Awards telecasts, for better and often for worse, double as ultra-glitzy reality shows. There’s the highly scripted pretense of unscripted human drama. There is, underneath a veneer of studied chumminess, a decidedly not-here-to-make-friends vibe. There are the intra-contestant tensions, amplified by canny producers. So it was fitting that, during Sunday night’s Golden Globes, producers did what they could to Real Housewives-ify the 73rd incarnation of the venerable awards ceremony. They sat actors competing in the same nomination categories at the same tables. They made sure the champagne flowed freely. And, most obviously, they brought in one of Hollywood’s most reliable feather-rufflers, Ricky Gervais, to act as host.
Gervais’s return to the Globes stage was the rough equivalent of the return of former contestants Amber and Becca to compete for the affections of Ben Higgins on the current season of The Bachelor: It was weird, and awkward, and evidence of a certain dark genius. Gervais’s presence—that impish smile, that agent-of-chaos flair, that menacing glass of beer—meant that insult comedy would be the order of the evening. (“With all these rich, beautiful celebrities having the time of their lives,” Gervais said at the outset, tauntingly, “let’s hope no one spoils that.”) Which in turn meant that literally anyone—literally everyone—in the audience was a potential target of his mockery. All of which combined to amplify the role of a traditional mainstay of the live-broadcast awards show: the reaction shot.
How would the stars react to Gervais’s terrible jokes? What would they make of the return of Mel Gibson? What would Tarantino do? On Sunday, tellingly, the stage was almost the secondary story. The real action—the real drama—was taking place among the booze-laden tables crammed into the Beverly Hilton. The whole thing was like an episode of The Real Celebrities of the Beverly Hilton. There was:
- Leonardo DiCaprio, looking dramatically shocked as Lady Gaga strode past him to accept her Best Supporting Actress award.
- Alan Cumming, 😱-ing after Gervais made a bleeped-out joke to Mel Gibson.
- Aziz Ansari, prepared for the moment when the camera would pan to him during his nomination announcement, reading a mocked-up book titled Losing to Jeffrey Tambor With Dignity.
There were also (seemingly) unscripted reactions that happened to take place onstage. There was Jamie Foxx, reacting to Quentin Tarantino’s inexplicable reference to classical music’s “ghetto.” There was Matt Damon, reacting to Gervais’s joke about The Martian star being “the only person Ben Affleck hasn’t cheated on.” There was Cate Blanchett tut-tutting and Brad Pitt did-he-really-ing to Gervais’s antics, and Viola Davis hmm-ing to Taraji P. Henson’s dinner-table cookie schtick. There were America Ferrera and Eva Longoria, using their moment on the Globes stage to poke fun at the Globes itself.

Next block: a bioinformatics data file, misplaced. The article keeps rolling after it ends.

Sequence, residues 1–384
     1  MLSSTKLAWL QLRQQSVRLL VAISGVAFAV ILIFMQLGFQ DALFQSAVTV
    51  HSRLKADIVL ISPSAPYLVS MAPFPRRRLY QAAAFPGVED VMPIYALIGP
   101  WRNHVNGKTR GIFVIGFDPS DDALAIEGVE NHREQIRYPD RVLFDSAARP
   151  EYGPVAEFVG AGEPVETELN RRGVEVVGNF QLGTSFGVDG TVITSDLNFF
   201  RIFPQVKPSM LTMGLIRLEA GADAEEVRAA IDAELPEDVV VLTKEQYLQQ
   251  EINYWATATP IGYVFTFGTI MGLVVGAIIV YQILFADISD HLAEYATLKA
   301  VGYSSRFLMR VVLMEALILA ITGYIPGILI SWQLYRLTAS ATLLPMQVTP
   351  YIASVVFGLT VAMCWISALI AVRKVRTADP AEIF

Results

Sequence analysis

It’s telling that, in the immediate news coverage of the Globes, outlets have focused on those moments of reaction-shot-ed serendipity. “Leonardo DiCaprio’s Face When Lady Gaga Barged Past Him Was Superb,” Yahoo News reported. “Alan Cumming Had the Best Reaction to Mel Gibson & Ricky Gervais’s Golden Globes Exchange,” Just Jared enthused. In addition to the reaction summaries you’d expect—“Golden Globes: Winners React”—there have been gifs of Jamie Alexander swearing at a faulty teleprompter (“Who’s typing this shit?”), and of Rachel Bloom, accepting her award vaguely bum-first, and of Leo’s failed double-fist-bump.
The reaction shot is an awards show standby for a reason: It’s one of the few places left where a telecast can offer real human drama—live, unpredictable—to its audiences. This is what Amy Poehler and Tina Fey mocked when they placed themselves in the audience, boxes of popcorn in hand, during 2013’s Emmys. It’s what David Letterman was trying to invoke with his infamous “Oprah-Uma” gag. But Sunday’s proceedings—otherwise dull, otherwise conventional, otherwise replete with heavily manufactured dramas—took things even further: They relied on reaction shots as part of the telecast. Understanding how the show would be consumed by people outside the Beverly Hilton, its producers primed it for gif-able moments.
And during a telecast that found much of its scripted dialogue inaudible to audiences because it had been censored out, ostensibly on account of presenters’ use of expletives, the reaction shots became even more useful. Audiences at home had to rely on the stars who were in the room—on their shocked or indignant or amused reactions—to get a sense of what was actually said onstage. The stars stood in for the rest of us, telegraphing our confusion and indignation and delight. They brought a dose of reality to an otherwise highly staged production, making for moments that were, in the best way, awkward and weird and human.
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